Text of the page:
“We know that plant growth regulators enhance cotton maturity, which can be extremely important in Virginia, but we don’t want to cheat early season cotton varieties out of their potential by applying plant growth regulators too early or at too high rates. Especially on top performing varieties, like Deltapine 444, we don’t want to rob them of their production potential,” the Virginia specialist says.
“If you apply plant growth regulators too early, you can rob the plant of its yield potential. We’ve seen it both ways — increases in yields and losses in yields,” Faircloth explains.
Cover crops are critical to the first 40 days of a cotton plant’s life, according to Faircloth. First, cover crops build up organic matter. And more importantly, cover crops reduce sand blasting, which on Virginia’s light, sandy soils compound all early season problems, especially thrips.
“Just like you don’t want your kids to get sick and interfere with their growth potential, you don’t want your cotton plants to get sick,” Faircloth notes. In Virginia, the common early season diseases are rhizoctonia, commonly called sore shin, and pythium or damping off diseases.
Virginia Tech Plant Pathologist Pat Phipps says the first line of defense against these, and other, early season diseases is high quality seed that are coated with seed protectant fungicides and insecticides. Seed with cool germination of 80 percent or higher are desirable and seed with cool germ levels below 60 percent should be avoided, he says.
In a cool, wet environment, or in fields with a long history of disease problems, in-furrow treatment with fungicides may be needed to ensure seedling health, Faircloth adds.
The primary early season insect problem is thrips. Over the past 5-6 years cotton losses to insects and cotton losses to thrips are very close together, Faircloth points out. Seed treatments look promising for thrips control, and Temik has supplied consistently good control of thrips, the Virginia cotton specialists says. “Ames Herbert, entomologist and head of Virginia Tech’s Integrated Pest Management Program has done a good job of demonstrating the value of protecting seedling cotton from thrips injury,” Faircloth adds.
Taking more and more peanuts out of the rotation (Virginia is down to less than 20,000 acres of peanuts) will likely cause an increase in nematode problems in cotton, Faircloth warns. Nematodes restrict roots from taking up nutrients and damage from these pests is frequently diagnosed as soil fertility or other type damage, he points out.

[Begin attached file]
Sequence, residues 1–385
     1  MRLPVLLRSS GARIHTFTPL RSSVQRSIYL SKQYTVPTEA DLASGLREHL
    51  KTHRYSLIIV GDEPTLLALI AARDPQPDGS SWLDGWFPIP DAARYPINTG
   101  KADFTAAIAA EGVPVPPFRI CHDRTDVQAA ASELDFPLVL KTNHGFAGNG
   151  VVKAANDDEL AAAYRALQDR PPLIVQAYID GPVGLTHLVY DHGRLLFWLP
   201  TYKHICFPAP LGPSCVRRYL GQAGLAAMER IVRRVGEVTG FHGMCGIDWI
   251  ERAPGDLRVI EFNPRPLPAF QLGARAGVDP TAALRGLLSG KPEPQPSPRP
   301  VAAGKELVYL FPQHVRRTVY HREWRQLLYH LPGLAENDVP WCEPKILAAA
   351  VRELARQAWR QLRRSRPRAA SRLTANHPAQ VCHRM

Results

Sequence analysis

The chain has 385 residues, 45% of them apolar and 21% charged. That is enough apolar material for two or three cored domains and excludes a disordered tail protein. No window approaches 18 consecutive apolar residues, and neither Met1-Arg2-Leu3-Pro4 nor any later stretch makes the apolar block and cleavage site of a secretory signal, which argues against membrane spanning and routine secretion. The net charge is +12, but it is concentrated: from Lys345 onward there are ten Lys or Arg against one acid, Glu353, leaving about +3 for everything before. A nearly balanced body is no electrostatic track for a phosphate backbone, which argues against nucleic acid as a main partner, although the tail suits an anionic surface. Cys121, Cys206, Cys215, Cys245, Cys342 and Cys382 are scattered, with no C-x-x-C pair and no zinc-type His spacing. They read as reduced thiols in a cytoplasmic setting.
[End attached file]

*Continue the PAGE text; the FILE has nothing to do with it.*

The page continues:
Managing weeds in the first 40 days is arguably the most effective way to maintain cotton plants at their maximum yield potential. Each week after planting a grower delays making his cotton weed free, costs over 260 pounds of cotton per acre, according to recent trials conducted by North Carolina State researchers John Wilcut and Alan York.
In the first 40 days, method of glyphosate application is critical in Roundup Ready cotton. “Post directed application of glyphosate is legal, but if the application is sloppy and the herbicide hits high on the plant, you may see yield reductions,” Faircloth says. “It all depends on how many heat units you get to compensate for the bolls you lose with off label or sloppy post-directed applications,” he explains.
The single highest input cost for Virginia cotton growers is soil fertility. With fertilizer costs, especially nitrogen, soaring, applying optimum amounts is critical to the bottom line.
Proper liming is critical in Virginia cotton, because it is among the most sensitive to low soil pH of crops grown in Virginia. Cotton will grow best in the state at pH levels in the 5.8-6.5 range.
“Last year we saw a lot of problems from potassium deficiency,” Faircloth notes. On deep sandy soils, most often with high nematode levels, we saw some very bad situations with potassium deficiency, he says. On these deep sand soils, growers may need up to 150 pounds of potassium per acre, he concludes.
If all goes well — the weather is good, all the inputs work and everything falls into place, Virginia growers stand a good chance to make another good crop in 2006, the Virginia cotton specialists concludes.